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      What Are the Implications of Moving Out of State with a Child Post-Divorce in Sumner County?

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      Understanding When You Can Relocate a Child and What Is Required Before Doing So

      The months that follow after a divorce is finalized are often full of change. You’re learning how to operate independently again, and this may mean that you need to make large adjustments to your life, such as getting a new job or moving. However, if you have a custody order, it may not be as simple as you think. Many people are surprised to find out that they may have to get the other parent’s and the court’s permission before they are able to move. It’s important to know when these rules apply and what you need to do to be able to relocate.

      Tennessee Parent Relocation Statute

      The Tennessee Parent Relocation Statute outlines when a parent needs to receive permission to relocate and the process for requesting it. In general, parents only need to request permission if they are planning on moving more than 50 miles away from the other parent or moving out of state. If you’re planning on moving out of the state of Tennessee, you will need to notify the other parent at least 60 days before you plan to move. This gives them time to object to the relocation or request a change to the child custody order. If there is no objection to the move and the parents agree on a new visitation schedule, the relocating parent is free to move.

      If the other parent objects or the parents can’t agree on a new visitation schedule, the relocating parent can file a petition to request approval for their relocation from the courts. The other parent must file a response to this petition within 30 days or the courts will approve the relocation. If the other parent files the response objecting to the relocation, the court will make the final determination.

      Requirements for the Notice of Intent to Relocate With Child

      There are specific requirements for what must be included in the notice of intent to relocate with a child. It must be sent to the other parent’s last known address, and it must be sent by certified or registered mail. You cannot just drop it off or hand it to them at an exchange. The notice must include your intent to move, the new address or city, and why you want to relocate. The notice must also have specific language that makes the other parent aware that they have 30 days to object to the relocation. If all of the required elements are not in the notice, it may not be considered adequate notice by the courts. An attorney can help you draft this notice to ensure it’s done correctly.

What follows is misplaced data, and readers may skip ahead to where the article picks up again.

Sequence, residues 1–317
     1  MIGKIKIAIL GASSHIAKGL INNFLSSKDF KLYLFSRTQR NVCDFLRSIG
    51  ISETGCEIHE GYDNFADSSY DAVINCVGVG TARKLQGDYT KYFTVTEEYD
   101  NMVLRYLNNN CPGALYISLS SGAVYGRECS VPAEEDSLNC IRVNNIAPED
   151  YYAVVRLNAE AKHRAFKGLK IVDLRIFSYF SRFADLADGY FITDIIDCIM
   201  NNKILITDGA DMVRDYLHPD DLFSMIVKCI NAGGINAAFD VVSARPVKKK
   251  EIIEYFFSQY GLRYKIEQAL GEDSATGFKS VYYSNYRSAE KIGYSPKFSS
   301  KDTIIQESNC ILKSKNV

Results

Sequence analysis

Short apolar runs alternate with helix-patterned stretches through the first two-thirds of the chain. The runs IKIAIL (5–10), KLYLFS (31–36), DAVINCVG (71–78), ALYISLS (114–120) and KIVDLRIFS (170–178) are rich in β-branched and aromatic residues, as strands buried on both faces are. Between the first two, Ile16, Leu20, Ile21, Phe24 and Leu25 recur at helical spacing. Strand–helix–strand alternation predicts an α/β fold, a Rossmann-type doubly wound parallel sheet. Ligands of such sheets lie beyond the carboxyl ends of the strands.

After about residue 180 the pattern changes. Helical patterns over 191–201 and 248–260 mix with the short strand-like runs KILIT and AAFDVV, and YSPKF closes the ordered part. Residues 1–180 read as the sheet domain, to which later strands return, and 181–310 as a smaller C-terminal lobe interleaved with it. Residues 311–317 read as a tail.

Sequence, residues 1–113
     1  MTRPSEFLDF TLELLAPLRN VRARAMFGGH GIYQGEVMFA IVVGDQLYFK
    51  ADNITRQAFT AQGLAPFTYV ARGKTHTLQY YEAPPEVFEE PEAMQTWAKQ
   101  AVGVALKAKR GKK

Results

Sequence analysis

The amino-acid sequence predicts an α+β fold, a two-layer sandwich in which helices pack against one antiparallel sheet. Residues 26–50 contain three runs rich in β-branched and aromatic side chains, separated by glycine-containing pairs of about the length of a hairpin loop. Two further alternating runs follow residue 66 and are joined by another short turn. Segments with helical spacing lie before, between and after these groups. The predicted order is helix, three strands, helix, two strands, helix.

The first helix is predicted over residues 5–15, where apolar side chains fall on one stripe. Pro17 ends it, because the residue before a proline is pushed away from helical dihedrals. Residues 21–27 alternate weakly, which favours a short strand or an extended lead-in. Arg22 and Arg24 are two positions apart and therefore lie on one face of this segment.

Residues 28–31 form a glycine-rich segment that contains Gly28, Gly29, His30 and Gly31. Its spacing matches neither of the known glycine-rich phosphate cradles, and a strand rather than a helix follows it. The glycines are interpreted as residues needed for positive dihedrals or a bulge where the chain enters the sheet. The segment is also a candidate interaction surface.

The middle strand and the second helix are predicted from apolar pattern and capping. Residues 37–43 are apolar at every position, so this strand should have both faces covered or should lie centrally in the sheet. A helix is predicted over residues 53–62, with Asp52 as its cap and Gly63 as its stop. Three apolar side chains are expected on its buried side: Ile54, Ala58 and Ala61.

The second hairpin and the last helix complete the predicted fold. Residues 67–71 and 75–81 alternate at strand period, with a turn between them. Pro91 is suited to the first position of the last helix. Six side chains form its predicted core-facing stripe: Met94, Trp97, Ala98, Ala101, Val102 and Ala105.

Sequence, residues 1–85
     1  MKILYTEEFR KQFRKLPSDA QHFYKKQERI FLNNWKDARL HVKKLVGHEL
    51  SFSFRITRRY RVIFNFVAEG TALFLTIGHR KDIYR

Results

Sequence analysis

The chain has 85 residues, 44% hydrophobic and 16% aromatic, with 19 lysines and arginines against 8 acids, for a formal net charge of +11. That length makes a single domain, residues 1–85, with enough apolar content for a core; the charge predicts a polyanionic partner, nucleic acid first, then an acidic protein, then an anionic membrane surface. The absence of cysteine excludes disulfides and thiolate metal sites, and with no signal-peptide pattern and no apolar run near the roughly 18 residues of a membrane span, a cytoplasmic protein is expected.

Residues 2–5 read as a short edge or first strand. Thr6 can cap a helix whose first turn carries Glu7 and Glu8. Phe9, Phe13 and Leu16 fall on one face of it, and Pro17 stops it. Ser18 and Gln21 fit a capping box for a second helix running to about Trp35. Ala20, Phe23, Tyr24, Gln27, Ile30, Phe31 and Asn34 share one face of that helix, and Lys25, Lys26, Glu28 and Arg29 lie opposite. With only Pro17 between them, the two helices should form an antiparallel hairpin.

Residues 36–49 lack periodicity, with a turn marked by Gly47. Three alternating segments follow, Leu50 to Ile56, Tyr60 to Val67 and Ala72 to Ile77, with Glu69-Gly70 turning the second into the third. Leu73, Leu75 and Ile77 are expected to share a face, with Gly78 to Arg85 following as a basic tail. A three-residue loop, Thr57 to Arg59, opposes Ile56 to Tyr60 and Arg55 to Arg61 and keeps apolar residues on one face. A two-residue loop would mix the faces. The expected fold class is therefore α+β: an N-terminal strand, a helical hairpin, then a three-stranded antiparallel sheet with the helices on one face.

Factors Considered in Whether a Relocation Is in the Best Interests of the Child

      If the judge has to decide whether to grant permission for relocation, they make the determination in the best interests of the child. This is based on the following factors:

      • How involved each parent has been with the child and the relationship the child has with any siblings
      • What impact the move is likely to have on the child’s development, taking into consideration their age and any specific needs
      • How easy it will be for the child to maintain a relationship with both parents, which includes looking at how likely the parents are to facilitate visitation and their financial means to do so
      • The child’s preference, which is generally given greater weight if the child is at least 12 years old
      • How the relocating parent has facilitated a relationship between the child and the nonrelocating parent in the past
      • Why the parent wants to relocate and why the other parent objects
      • Any other factors that the courts deem to be of relevance to the best interests of the child

      An attorney can help you prepare statements and other supporting evidence for your need to relocate and how it is in the best interests of the child. Having clear reasons that are backed by factual information, such as an increase in salary that will translate to a higher standard of living, can help your case.

      Potential Changes to the Child Custody Order

      If the relocation request is granted, it’s likely that there will need to be some changes to the parenting plan. Long-distance parenting plans often have special parenting time arrangements, such as one parent having the child during the school year and the other having parenting time during holidays and summer vacation. What this looks like will likely depend on the distance between the two parents and the financial and logistical challenges of transporting the child back and forth.

      It can be beneficial to speak with a family law attorney before considering a relocation to ensure you understand how the parenting plan and visitation schedule could change if the relocation is granted. For example, some parents realize that they don’t want to potentially have to send their child to the other parent’s home for the entirety of the summer. Knowing the potential outcomes can put you in a better place to assess your motivations for relocation and ensure it’s something you want to pursue.

      Moving to a new city or state can open up opportunities that aren’t available where you live, and it can also give you a fresh start after divorce to begin making a new life. If you are considering an out-of-state location, contact the Garner Law Firm, PLLC, at 615-527-5202 to schedule an appointment and find out what you need to do to start the process.

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